At last, Google has finally gained a page preview feature. Called “Instant Previews,” this is a way for you to see what’s on a page that’s listed in Google’s search results without having to leave Google.
Google Instant is a new search enhancement that shows results as you type. Google have announced that they are ‘pushing the limits of our technology and infrastructure to help you get better search results, faster’.
Our key technical insight was that people type slowly, but read quickly, typically taking 300 milliseconds between keystrokes, but only 30 milliseconds (a tenth of the time!) to glance at another part of the page. This means that you can scan a results page while you type.
The most obvious change is that you get to the right content much faster than before because you don’t have to finish typing your full search term, or even press “search.” Another shift is that seeing results as you type helps you formulate a better search term by providing instant feedback. You can now adapt your search on the fly until the results match exactly what you want. In time, we may wonder how search ever worked in any other way.
Benefits of Google Instant
-Faster Searches: By predicting your search and showing results before you finish typing, Google Instant can save 2-5 seconds per search.
-Smarter Predictions: Even when you don’t know exactly what you’re looking for, predictions help guide your search. The top prediction is shown in grey text directly in the search box, so you can stop typing as soon as you see what you need.
-Instant Results: Start typing and results appear right before your eyes. Until now, you had to type a full search term, hit return, and hope for the right results. Now results appear instantly as you type, helping you see where you’re headed, every step of the way.
Information on ‘Instant Previews’
In the new feature, which was spotted being tested last month, a small magnifying glass appears next to each listing:
Click on that magnifying glass, and a preview of the page that’s listed will appear to the right side of the search results:
Once you’ve enabled Instant Preview mode, you can also use your arrow key to move down through the other results. As you select one, it will be highlighted with a blue background. The preview will change to show the highlighted page:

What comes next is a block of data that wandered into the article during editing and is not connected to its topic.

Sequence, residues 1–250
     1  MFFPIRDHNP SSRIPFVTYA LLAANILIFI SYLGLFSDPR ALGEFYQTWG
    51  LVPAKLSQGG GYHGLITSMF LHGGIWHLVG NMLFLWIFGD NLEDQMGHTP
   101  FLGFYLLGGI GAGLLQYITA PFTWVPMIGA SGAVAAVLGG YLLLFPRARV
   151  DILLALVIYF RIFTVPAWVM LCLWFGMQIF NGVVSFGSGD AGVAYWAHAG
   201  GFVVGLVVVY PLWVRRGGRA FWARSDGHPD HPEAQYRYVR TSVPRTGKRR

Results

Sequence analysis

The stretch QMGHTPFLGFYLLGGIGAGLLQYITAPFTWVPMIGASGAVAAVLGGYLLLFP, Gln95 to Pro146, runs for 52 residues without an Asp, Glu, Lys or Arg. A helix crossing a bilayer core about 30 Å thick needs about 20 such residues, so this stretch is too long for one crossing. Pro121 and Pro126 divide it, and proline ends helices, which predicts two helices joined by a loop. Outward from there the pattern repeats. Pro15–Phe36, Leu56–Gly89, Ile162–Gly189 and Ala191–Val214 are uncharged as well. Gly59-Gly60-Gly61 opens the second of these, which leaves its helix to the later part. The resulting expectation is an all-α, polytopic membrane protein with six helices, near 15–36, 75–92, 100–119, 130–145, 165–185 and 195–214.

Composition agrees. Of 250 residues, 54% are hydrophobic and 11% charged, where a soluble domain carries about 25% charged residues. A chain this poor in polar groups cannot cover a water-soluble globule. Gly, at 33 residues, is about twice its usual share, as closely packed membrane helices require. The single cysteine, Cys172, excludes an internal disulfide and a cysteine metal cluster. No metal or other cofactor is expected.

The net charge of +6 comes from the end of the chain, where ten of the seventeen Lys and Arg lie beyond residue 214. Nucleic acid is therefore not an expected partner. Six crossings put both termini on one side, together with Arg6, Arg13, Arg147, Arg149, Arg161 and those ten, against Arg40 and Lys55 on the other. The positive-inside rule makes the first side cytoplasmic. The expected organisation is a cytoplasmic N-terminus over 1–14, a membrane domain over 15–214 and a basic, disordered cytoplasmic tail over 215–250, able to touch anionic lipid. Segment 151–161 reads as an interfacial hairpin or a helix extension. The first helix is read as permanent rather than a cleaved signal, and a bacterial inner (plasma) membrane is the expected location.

More Than Just A Thumbnail
Google’s system combines Google’s previous thumbnail previews with Bing’s ‘quick previews which were both released last year. Google instant is an image of the page as well as extracting text. Rather than a small thumbnail image, it shows a much larger picture of what the page looks like.
Callouts & Tears
Within the imagesrelevant text to your search is highlighted through “callouts” that make it easy to read:Pages might also have have what Google call “tears,” where a page might appear to have been “torn” to show you the overall context of the page but also show you parts relevant to your search. Below, an example of a tear is shown between the two green bars:
Instant Previews & Ads
The images previews cover up Google’s ads, when they appear. Is this a problem for advertisers? Google says largely no.
The company told me that most people scan the search results page quickly. If they’re interested in the unpaid “editorial” results, they’ll tend to stay looking at them rather than going back and forth to the ads. In other words, previews aren’t blocking ads because if someone decides they want to focus on editorial results, they’re already ignoring the ads.
Ads, by the way, will also get an Instant Preview feature in the future, Google told me. There’s no set timeline for this, however.
Site Owners: You Can Block Previews
Don’t like the idea of Google making previews of your pages? As with Bing’s previews, you can also opt-out of Google’s. To do so, just make use of the nosnippets meta tag. Meta Robots Tag 101: Blocking Spiders, Cached Pages & More explains more about this.
Also, be aware that the descriptions shown for your pages in the results may be different than the callouts on the pages. Sometimes they match; sometimes they don’t. Different algorithms are at work.
Google suggests that Instant Previews will make it easier to spot if a page contains a table, chart or picture you might be after, and says those using it will be 5% happier with their results. I agree. It should be a useful feature for many searchers in these or other cases. There have been plenty of times when a short preview would have given me a better idea if a site might be worthwhile to visit or not. And, if you don’t like it, well, don’t click on the magnifying glass and you won’t see it.
The preview begin rolling out yesterday worldwide and should be in place by today for everyone. If you don’t see them yet, visit this special page at Google about Instant Previews and then click on the “Try It Now” link.